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The Collected Letters of C.S. Lewis, Volume 3

Narnia, Cambridge, and Joy, 1950 - 1963

The Collected Letters of C.S. Lewis, Volume 3 by C. S. Lewis
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This collection, carefully chosen and arranged by Walter Hooper, is the most extensive ever published. Included here are the letters Lewis wrote to such luminaries as J.R.R. Tolkien, Owen Barfield, Arthur C. Clarke, Sheldon Vanauken, and Dom Bede Griffiths. To some particular friends, such as Dorothy L. Sayers, Lewis wrote fifty letters alone. The letters deal with all of Lewis's interests—theology, literary criticism, poetry, fantasy, children's stories—as well as his relationships with family members and friends.

The third and final volume begins with Lewis, already a household name from his BBC radio broadcasts and popular spiritual books, on the cusp of publishing his most famous and enduring book, The Lion, the Witch and the Wardrobe, which would ensure his immortality in the literary world. It covers his relationship with and marriage to Joy Davidman Gresham, subject of the film Shadowlands, and includes letters right up to his death on November 22, 1963, the day John F. Kennedy was assassinated.

This volume also includes both a special section of newly found letters from earlier time periods covered in volumes one and two and mini-biographies of Lewis's regular correspondents.

HarperCollins; July 2009
1840 pages; ISBN 9780061947285
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Title: The Collected Letters of C.S. Lewis, Volume 3
Author: C. S. Lewis

Chapter One


During the spring of 1949 Lewis began dreaming of lions and by May 1949 he had written the first of the Chronicles of Narnia—The Lion, the Witch and the Wardrobe. This was hardly finished when he had the idea for the next story, Prince Caspian—or 'A Horn in Narnia' as it was first called. By the time this volume of letters opens Lewis was at work on yet another Narnian story, The Voyage of the 'Dawn Treader', the manuscript of which would be ready for Roger Lancelyn Green1 to read when he visited Lewis at the end of February 1950.2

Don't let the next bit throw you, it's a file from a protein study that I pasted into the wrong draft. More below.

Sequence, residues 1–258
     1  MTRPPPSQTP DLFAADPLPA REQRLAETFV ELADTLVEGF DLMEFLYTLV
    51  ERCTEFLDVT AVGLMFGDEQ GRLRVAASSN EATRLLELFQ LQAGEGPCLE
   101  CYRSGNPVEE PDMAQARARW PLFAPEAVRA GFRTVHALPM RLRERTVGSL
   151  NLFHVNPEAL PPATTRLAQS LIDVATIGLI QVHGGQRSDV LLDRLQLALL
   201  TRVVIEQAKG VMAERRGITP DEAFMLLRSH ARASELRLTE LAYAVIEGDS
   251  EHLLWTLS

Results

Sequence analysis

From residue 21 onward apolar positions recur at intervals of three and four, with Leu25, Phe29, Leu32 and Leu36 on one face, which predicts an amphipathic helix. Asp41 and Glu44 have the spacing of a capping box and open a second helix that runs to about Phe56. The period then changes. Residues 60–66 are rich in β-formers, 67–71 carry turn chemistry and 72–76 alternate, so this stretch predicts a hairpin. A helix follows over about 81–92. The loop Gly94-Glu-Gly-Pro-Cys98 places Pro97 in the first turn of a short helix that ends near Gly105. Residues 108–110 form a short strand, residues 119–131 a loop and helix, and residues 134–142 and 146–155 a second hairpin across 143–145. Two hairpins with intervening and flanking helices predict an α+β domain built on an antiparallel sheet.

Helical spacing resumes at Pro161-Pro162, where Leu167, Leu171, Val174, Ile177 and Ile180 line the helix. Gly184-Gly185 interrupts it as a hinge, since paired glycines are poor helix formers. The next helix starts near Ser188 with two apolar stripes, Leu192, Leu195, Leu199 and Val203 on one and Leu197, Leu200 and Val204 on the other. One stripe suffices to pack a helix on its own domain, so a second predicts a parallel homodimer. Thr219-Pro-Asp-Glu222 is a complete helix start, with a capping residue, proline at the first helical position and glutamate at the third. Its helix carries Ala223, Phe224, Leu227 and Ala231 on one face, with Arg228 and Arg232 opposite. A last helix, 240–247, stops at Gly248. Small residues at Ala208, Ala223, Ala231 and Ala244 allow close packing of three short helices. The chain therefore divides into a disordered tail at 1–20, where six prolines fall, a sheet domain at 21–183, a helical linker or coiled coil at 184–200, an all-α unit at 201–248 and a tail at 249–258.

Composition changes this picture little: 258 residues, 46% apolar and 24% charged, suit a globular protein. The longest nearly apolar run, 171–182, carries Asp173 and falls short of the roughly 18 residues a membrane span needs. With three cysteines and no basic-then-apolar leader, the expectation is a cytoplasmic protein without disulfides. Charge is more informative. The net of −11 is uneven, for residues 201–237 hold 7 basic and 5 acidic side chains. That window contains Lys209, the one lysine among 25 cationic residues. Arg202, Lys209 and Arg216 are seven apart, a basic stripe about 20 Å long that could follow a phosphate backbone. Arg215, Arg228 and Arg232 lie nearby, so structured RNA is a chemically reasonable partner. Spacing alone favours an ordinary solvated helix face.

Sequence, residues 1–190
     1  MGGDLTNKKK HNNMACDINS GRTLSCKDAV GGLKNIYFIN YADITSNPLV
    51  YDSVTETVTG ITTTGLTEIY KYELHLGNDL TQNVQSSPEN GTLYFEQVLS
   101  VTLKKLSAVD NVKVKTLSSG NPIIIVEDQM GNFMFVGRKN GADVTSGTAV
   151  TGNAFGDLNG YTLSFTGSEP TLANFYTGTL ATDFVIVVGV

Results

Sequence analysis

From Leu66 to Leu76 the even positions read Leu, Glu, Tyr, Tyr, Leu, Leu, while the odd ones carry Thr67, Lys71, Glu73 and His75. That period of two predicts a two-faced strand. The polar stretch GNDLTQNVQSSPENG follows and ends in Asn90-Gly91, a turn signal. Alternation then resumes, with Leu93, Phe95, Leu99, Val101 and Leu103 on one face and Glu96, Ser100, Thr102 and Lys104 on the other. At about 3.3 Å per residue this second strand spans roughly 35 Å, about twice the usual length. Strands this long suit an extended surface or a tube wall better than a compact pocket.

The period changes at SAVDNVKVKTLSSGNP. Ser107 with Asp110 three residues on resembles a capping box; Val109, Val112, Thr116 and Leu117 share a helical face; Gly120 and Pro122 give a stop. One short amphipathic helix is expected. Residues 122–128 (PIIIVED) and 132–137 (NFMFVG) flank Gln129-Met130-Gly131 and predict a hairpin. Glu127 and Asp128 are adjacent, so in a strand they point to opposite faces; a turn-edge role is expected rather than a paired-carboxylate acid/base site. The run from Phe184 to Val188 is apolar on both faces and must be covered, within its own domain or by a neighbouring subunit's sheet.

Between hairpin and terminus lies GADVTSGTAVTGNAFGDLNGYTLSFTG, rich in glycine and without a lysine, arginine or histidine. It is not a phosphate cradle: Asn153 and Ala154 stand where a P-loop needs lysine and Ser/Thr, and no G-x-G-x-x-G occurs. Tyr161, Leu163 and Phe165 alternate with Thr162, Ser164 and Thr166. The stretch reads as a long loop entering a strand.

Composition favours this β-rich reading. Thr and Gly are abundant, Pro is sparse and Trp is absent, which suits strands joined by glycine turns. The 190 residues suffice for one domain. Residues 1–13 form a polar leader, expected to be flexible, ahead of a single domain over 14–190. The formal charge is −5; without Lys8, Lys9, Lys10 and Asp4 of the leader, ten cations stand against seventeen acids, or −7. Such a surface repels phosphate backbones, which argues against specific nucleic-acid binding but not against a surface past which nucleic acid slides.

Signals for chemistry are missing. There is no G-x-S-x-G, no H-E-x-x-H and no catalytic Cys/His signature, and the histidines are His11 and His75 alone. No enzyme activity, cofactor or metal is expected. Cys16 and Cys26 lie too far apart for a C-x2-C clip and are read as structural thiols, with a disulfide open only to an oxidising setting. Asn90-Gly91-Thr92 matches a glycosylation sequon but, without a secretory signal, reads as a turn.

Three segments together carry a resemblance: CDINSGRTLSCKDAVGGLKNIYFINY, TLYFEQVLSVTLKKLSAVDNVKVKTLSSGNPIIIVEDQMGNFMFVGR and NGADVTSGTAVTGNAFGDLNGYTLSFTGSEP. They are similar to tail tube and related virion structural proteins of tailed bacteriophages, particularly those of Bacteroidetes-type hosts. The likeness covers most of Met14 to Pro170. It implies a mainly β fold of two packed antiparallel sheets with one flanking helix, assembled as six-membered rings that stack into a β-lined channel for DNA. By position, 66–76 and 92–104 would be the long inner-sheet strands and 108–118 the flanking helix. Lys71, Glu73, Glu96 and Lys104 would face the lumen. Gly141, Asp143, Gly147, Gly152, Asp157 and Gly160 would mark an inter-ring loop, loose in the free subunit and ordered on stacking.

To Jonathan Francis 'Frank' Goodridge (P):3

Magdalen College
[1 January 1950]

There have been very few pupils in my 26 years' experience as a tutor for whom I can speak so confidently as I can for Mr. Frank Goodrich.4 As a scholar he has quality which his actual degree did not at all represent. The year in which he sat for his Final was one of strange surprises for many tutors about many pupils: but apart from that, his failure to do himself justice can be explained by two factors.

(1.) He is really too conscientious a student, too determined to get to the bottom of every question, to make an ideal examinee: good at probing and not at all good at advertising: incapable of 'bluff '.

(2.) He gave rather more time than he could afford to his duties as secretary of a philosophical club.5 I saw a good deal of him in that capacity and it was his Minutes which first convinced me that he had attributes quite out of the ordinary. He could condense, and slightly popularise, the arguments of speakers (often very erudite) with less loss than any man I have ever known.

This satisfies me that he will be a good teacher: he might very well turn out to be one of the great teachers. His personal character won my respect from the beginning and this respect steadily increased during the time he was with me. He is one of the most disinterested—I think I could say one of the most selfless—men I have ever met: and, in spite of his good humour and patience, which are unfailing, I should not like to be the boy who tried to 'rag' him. If I had a son of my own there is no one to whom I would entrust him so gladly as to Mr. Goodrich.

C. S. Lewis
Fellow & Tutor of Magdalen